December 9, 2015
Die-hard mountain bikers flock to the rocky, sunbaked trails of Moab and southern Arizona, and it’s easy to see why: the drama of the cinematic landscape is topped only by the exhilaration of riding through it.
Imagine a similar desert setting, but without the crowds. Add a cooling breeze and a gorgeous view, both courtesy of the Pacific Ocean. Now you’ve got an idea of what it’s like to ride the network of trails that surround Tres Santos.
Rent your equipment and start your ride at the in-town Hub, which is staffed by a team of professionals who’d rather be on their bikes than just about anywhere else. They’ll provide maps, water and bug spray and can recommend their favorite tracks for bikers at every level.
Developed and maintained by Tres Santos, the 30-mile network of trails comprises six separate tracks, many of which are interconnected, that offer an endless supply of quality rides.
Veteran racer, longtime rider and Tres Santos sales executive Shannon Gillespie suggests starting off with the Labyrinth Trail, which begins behind the Colorado State University outpost within the Tres Santos community. You’ll need fresh legs to take on the climb, but the reward—an amazing 360-degree view of the Pacific Ocean, Tres Santos’ town farm and the sprawling Sierra Lagunas Mountains—is worth the effort.
The trip back down, along steep section of the trail nicknamed Raul’s Backside, is a fairly technical, flying descent through high desert that will both thrill and challenge speed demons. After crossing the bypass, pick up the relatively flat Sierra Madre loop, which winds through some of the least-explored mountain bike territory in the northern hemisphere and takes anywhere from two to four hours to complete.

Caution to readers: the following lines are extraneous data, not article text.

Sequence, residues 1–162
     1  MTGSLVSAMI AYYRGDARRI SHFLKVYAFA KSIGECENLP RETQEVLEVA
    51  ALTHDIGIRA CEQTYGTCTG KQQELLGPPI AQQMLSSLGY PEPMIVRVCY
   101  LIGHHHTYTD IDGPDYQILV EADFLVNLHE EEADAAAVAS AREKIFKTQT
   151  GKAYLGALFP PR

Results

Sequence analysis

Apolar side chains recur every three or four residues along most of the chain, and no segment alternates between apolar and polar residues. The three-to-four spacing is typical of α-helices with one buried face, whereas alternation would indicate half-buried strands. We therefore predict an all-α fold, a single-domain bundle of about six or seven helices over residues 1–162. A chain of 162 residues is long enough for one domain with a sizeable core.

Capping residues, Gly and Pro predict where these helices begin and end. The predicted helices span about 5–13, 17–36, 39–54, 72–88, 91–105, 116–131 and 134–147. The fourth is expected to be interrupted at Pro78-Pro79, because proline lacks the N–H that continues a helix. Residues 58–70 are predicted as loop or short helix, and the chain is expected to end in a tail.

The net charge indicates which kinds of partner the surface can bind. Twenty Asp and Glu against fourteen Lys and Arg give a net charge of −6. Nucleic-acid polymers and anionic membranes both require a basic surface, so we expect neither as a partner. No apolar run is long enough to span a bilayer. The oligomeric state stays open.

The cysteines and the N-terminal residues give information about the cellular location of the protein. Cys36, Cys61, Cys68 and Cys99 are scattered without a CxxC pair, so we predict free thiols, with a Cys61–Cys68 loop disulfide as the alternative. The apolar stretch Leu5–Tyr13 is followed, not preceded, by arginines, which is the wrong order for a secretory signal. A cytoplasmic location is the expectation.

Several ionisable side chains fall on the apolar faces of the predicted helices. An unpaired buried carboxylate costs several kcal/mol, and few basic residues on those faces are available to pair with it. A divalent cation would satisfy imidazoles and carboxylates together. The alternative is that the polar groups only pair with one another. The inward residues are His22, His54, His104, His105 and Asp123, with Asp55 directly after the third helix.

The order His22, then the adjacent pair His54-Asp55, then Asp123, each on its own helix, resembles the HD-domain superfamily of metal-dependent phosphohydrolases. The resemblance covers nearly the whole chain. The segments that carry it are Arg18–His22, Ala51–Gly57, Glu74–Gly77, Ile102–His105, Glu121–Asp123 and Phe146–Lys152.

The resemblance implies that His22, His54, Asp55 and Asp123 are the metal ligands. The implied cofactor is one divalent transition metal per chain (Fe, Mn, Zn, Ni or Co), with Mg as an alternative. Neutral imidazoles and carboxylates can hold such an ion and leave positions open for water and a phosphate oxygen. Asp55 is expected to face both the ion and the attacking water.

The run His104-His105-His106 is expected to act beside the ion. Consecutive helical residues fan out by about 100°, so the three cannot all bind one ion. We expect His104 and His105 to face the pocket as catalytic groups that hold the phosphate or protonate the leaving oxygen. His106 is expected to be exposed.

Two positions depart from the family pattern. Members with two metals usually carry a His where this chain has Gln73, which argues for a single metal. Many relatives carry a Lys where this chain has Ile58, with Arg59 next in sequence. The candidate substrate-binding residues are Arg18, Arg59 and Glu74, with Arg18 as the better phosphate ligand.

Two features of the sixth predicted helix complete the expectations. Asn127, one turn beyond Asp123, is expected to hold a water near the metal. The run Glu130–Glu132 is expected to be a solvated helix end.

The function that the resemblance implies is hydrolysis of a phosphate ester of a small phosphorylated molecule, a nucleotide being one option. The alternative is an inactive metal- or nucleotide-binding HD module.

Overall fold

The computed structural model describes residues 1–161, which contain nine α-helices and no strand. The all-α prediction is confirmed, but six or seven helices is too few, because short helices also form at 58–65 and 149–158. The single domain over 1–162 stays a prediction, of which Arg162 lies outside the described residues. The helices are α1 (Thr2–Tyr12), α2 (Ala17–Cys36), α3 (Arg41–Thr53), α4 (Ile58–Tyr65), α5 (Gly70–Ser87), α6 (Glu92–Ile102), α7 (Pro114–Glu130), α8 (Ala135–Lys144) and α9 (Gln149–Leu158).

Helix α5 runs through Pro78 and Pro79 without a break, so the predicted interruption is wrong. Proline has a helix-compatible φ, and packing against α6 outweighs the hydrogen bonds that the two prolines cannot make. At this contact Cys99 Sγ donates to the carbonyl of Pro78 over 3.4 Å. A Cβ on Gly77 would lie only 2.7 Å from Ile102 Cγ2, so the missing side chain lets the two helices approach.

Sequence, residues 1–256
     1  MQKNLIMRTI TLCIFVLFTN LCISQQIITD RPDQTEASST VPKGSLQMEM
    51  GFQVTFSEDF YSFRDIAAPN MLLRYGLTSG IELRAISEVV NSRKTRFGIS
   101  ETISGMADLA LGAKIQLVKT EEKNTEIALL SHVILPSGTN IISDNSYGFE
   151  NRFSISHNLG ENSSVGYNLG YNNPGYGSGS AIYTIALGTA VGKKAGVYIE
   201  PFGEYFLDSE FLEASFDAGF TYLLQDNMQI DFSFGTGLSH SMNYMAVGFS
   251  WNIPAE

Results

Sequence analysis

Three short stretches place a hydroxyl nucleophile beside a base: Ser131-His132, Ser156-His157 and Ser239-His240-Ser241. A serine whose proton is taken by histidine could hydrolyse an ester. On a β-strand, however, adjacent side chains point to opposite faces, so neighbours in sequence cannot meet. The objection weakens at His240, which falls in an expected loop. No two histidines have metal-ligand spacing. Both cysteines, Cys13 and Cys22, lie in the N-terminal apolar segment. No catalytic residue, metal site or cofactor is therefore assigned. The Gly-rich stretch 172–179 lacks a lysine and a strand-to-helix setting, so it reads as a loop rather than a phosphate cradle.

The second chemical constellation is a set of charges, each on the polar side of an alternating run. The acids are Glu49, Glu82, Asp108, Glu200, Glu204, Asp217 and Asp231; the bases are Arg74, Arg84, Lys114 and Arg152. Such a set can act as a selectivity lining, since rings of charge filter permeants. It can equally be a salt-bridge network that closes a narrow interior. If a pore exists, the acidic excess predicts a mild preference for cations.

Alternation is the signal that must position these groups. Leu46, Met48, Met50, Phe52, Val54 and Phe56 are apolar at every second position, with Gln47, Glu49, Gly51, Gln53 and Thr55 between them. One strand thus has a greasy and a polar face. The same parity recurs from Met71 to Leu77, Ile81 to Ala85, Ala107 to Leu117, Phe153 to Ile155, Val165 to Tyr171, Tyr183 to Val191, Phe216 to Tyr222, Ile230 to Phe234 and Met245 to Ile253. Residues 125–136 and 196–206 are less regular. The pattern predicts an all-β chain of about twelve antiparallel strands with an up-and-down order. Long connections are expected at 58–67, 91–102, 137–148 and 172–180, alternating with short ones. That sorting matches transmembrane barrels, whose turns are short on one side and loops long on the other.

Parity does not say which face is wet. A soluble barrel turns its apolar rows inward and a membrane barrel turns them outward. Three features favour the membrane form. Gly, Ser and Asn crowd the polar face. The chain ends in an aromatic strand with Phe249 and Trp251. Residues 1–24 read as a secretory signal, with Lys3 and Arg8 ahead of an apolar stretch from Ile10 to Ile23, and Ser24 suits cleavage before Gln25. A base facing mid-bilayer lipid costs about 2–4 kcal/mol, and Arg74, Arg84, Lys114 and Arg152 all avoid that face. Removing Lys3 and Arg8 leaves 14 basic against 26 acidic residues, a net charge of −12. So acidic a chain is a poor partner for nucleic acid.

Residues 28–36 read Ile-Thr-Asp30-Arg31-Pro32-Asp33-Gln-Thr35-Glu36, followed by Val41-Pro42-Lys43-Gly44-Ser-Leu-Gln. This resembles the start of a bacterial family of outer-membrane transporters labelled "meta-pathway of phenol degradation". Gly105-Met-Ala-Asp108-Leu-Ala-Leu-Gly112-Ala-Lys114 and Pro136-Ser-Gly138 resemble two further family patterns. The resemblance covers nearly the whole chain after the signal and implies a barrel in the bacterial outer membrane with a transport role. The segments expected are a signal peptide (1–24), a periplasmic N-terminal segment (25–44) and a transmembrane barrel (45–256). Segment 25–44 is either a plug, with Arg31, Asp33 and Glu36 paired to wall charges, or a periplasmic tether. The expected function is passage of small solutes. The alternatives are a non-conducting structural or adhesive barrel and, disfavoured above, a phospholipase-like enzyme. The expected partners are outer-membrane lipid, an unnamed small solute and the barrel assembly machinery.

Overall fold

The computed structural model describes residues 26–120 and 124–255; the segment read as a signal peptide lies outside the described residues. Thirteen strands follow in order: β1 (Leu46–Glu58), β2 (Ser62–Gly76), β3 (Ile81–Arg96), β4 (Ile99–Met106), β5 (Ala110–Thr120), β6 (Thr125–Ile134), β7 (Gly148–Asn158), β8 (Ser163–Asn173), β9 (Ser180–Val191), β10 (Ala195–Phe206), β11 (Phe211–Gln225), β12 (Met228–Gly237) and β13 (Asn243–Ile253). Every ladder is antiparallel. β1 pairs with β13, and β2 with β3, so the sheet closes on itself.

It also connects with El Cardon, which cuts through a grove of massive cardon cactus before rejoining the other side of the trail, and the Ejido Loop, a ramble over a ridge line into Mexico’s centuries-old communal lands, called ejidos. If time is short but you’re looking for high intensity, Gillespie suggests attacking the Cactus Battle trail, which climbs to the highest point of Labyrinth, then screaming back down Labyrinth into Tres Santos.
To take in a bit of history with your ride, pack a picnic and detour off the Tres Santos Community Path along the trail to the Old Port, which will take you through the ruins of a 1930’s cannery. After a steep ascent to the community’s yoga platform (which offers terrific views of the Pacific), and high line traverse along a steep canyon, you’ll finish atop a rocky escarpment where you can walk down a short path that leads a flat boulder overlooking a gorgeous ocean cove that was once home to the region’s fishing port. It’s a perfect stopping point for a quick rest and a picnic before heading back or continuing on to the beach.